Dementia and Cultural Narratives Symposium

Call for Papers
University of Aston, UK, 7-8 December 2017
Dementia and Cultural Narratives Symposium

In recent years we have witnessed a significant increase in the number and range of cultural representations of dementia (cf Swinnen and Schweda 2015). This is part of the growing visibility of age-related cognitive impairment in cultural and political life. As many critics have observed, this increasing visibility can have ambiguous impacts, as seen in the contemporary obsession with cognitive health in older age, or what Stephen Katz describes as ‘neuroculture’ (Katz, 2012). Similarly, warning of the dangers of ‘neuroagism’, Margaret Gullette argues that the diagnosis of dementia is often used as a totalising label that turns any sign and form of cognitive disorder into one pathological condition (2016). In the face of these concerns, a growing research culture is emerging that explores, interrogates, and evaluates the ways in which forms of dementia are being harnessed for diverse symbolic, aesthetic, and narrative purposes in TV, film, literature, the visual arts and theatre. Continue reading


Bourdieusian Field Analysis Training: Theoretical Basis and Empirical Applications

Bourdieusian field analysis continues to make a key contribution to both the theory and methodology of cultural sociology. The approach not only utilizes a relational sociological analysis of complex cultural patterns of cultural participation, it also enables researchers to develop national and cross-national analyses of power dynamics among different actors and institutions. Bourdieu defines fields as “structured spaces of positions’ and ‘the network of objective relations between positions’. Field analysis offers an alternative to “variable based” approaches to social life and helps researchers to illustrate the links between actors’ volume and composition of capital and their interests, strategies and beliefs. Continue reading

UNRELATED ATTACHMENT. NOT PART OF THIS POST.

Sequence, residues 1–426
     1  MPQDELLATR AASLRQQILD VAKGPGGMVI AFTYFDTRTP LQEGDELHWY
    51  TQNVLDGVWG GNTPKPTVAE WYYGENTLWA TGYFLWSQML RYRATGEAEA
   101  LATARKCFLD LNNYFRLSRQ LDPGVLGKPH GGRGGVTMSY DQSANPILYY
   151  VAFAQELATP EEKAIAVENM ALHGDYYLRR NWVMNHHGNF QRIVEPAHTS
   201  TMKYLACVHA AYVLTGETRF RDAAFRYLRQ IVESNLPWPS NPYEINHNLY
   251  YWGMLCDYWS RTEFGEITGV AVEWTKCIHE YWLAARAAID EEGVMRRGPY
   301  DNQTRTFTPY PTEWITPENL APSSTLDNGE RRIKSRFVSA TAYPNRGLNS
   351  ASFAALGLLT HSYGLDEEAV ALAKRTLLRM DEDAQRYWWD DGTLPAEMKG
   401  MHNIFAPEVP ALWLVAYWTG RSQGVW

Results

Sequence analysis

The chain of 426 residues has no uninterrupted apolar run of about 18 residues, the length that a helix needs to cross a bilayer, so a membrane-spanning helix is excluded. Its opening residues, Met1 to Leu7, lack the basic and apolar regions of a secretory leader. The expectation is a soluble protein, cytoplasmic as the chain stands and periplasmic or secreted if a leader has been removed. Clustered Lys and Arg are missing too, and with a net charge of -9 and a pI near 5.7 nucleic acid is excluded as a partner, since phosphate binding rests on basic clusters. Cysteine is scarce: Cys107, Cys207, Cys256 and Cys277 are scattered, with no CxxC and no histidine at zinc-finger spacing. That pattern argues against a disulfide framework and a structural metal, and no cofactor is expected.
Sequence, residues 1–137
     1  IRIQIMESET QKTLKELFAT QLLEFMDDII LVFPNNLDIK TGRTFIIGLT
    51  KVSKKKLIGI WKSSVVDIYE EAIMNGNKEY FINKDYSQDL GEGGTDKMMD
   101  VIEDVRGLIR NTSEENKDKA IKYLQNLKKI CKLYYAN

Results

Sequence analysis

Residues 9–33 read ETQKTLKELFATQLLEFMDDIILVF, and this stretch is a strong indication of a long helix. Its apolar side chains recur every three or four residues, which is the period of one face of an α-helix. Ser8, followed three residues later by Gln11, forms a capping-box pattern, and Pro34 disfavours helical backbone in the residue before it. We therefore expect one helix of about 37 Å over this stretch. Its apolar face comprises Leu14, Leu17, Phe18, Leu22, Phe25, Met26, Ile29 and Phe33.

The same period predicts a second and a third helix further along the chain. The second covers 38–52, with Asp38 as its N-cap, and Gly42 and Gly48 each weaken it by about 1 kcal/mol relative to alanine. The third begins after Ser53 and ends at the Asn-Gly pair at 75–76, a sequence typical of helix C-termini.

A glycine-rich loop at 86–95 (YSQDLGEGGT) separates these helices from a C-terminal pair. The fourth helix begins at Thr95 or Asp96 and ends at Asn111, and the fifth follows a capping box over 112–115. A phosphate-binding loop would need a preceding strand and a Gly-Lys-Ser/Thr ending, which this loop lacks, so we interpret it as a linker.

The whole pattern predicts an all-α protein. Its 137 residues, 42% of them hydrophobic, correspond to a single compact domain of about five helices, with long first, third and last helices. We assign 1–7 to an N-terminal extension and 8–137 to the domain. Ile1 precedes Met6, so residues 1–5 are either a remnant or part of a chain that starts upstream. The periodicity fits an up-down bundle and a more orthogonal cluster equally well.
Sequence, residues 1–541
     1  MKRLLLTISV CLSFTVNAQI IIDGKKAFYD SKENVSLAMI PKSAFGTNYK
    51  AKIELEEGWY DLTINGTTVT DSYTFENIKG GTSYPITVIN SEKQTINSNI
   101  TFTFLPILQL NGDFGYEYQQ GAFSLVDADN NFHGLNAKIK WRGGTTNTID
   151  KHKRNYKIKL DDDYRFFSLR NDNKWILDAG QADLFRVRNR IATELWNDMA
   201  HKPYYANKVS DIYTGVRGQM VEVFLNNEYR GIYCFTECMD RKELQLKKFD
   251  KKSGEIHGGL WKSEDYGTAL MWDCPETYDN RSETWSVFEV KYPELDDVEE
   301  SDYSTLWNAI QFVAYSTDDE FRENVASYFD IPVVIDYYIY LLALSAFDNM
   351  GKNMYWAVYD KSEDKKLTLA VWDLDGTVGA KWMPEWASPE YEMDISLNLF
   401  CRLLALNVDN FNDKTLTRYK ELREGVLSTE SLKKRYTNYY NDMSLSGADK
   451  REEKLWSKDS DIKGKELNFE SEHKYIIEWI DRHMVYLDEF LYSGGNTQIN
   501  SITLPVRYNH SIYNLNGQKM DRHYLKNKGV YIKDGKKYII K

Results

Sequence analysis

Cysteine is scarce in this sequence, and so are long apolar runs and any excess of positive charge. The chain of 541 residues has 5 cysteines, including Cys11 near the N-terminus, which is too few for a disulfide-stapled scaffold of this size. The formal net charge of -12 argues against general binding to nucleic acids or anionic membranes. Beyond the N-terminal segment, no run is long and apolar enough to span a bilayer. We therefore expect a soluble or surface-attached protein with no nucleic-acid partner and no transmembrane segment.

Research workshop Remembering/Forgetting Imperial Past: Nationalism and the Making of Ethnicities around the Black Sea

31 March 2017
Aston University,
North Wing First Floor, Room NW 104B

9.00-9.30 Registration and coffee
9.30-11.00 Panel 1: Remembering and forgetting imperial past.

  • Kerem Öktem (University of Graz) Coming to Terms with Genocide in a Perpetrator State: Power, Denial and Recognition.
  • Andrea Weiss (Central European University) Remembering and Forgetting: Ottoman Legacies in Adjara and Abkhazia.
  • Ahmet Erdi Öztürk (University of Strasburg/University of Graz) Delectation or Hegemony: Turkey’s Religious Nationalism in Bulgaria via the Diyanet.
  • Vladimir Kolesov (Krasnodar State Museum of History and Archaeology) Imperial Colonialism vs. Soviet Indigenization (korenizatsia): The Nation-building on the North Caucasus (discourses and practices).

11.15-12.45 Panel 2: Emplacing memory and/or (dis)locating nation

  • Petruţa Teampău (Babeș-Bolyai University) Sulina: Reading the Urban Palimpsest.
  • Erol Saglam (Birkbeck, University of London) Modalities of Remembrance: Discretion, Places, and Subjectivity in Trabzon, Turkey.
  • Nayat Karakose (Hrant Dink Foundation) Persisting Through Time and Collective Conscience:  Towards the Hrant Dink Site of Memory.